“It appears to me that the administration wants to silence the messenger that is giving us information about waste and fraud in Iraq,” said Representative Henry A. Waxman, a California Democrat who is the ranking minority member of the House Committee on Government Reform.
“I just can’t see how one can look at this change without believing it’s political,” he said.
One of the very few things that has worked in Iraq is this office to uncover at least a tiny fraction of the fraud and theft perpetrated against this country by stealing corporations and their lobbyists and Congressional enablers. Thus, Republicans in Congress eliminated the office. And they did it deceitfully and in secret, by inserting it into a huge bill that was voted on with no time to detect it. And now none of them will admit responsibility for what they've done.
That is as good a snapshot as any of the incomparably destructive one-party Republican rule to which we have been subjected. This small story has virtually every element of how they function.
UPDATE: As KagroX points out in Comments, the Times article says that even though "Senators Collins and [John] Warner said they had nothing more than hunches on where the impetus for setting a termination date had originated," it seems that "the termination language was inserted into the bill by Congressional staff members working for Duncan Hunter, the California Republican who is the chairman of the House Armed Services Committee and who declared on Monday that he plans to run for president in 2008."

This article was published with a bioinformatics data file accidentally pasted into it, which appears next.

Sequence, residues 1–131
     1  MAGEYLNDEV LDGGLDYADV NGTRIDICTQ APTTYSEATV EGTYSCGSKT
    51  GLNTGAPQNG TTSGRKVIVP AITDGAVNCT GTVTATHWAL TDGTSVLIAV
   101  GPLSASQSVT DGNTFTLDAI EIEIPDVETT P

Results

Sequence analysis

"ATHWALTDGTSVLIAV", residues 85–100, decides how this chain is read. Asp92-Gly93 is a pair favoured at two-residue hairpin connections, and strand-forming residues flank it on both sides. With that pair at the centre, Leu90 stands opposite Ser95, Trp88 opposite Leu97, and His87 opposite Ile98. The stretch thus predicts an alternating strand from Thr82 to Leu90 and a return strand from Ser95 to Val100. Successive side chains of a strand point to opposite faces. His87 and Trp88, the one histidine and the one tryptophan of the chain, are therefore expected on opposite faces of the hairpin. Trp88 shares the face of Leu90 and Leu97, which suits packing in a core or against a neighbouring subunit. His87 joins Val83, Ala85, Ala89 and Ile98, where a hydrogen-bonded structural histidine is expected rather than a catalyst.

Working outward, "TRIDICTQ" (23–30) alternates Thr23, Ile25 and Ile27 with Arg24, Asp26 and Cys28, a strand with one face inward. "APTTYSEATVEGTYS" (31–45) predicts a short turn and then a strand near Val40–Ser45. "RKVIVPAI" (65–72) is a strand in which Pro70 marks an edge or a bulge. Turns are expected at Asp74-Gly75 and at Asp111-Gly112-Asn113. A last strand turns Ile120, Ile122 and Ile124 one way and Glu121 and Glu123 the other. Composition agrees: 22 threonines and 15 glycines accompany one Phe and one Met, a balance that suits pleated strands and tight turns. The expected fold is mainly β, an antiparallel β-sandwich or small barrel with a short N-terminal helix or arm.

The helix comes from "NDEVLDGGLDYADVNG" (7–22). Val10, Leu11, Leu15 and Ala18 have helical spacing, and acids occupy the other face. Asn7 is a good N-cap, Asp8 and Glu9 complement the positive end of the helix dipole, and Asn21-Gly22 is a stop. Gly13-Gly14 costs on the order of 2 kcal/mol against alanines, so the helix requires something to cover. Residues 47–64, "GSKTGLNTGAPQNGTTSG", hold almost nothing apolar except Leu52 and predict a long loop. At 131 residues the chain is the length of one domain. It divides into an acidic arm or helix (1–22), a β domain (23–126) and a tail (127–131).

As Chairman of the House Armed Services Committee, Rep. Hunter is one of the largest beneficiaries of contributions from the very defense contractors who are the target of the investigative agency his staff secretly caused to be abolished. As the Times reports: "Three of the companies that have been a particular focus of Mr. Bowen’s investigations [are] Halliburton, Parsons and Bechtel . . . ."
That may seem incriminating at first glance, but it's really all just a big coincidence: "Mr. Holly, who is the House Armed Services spokesman as well as a member of Mr. Hunter’s staff, said that politics played no role and that there had been no direction from the administration or lobbying from the companies whose work in Iraq Mr. Bowen’s office has severely critiqued."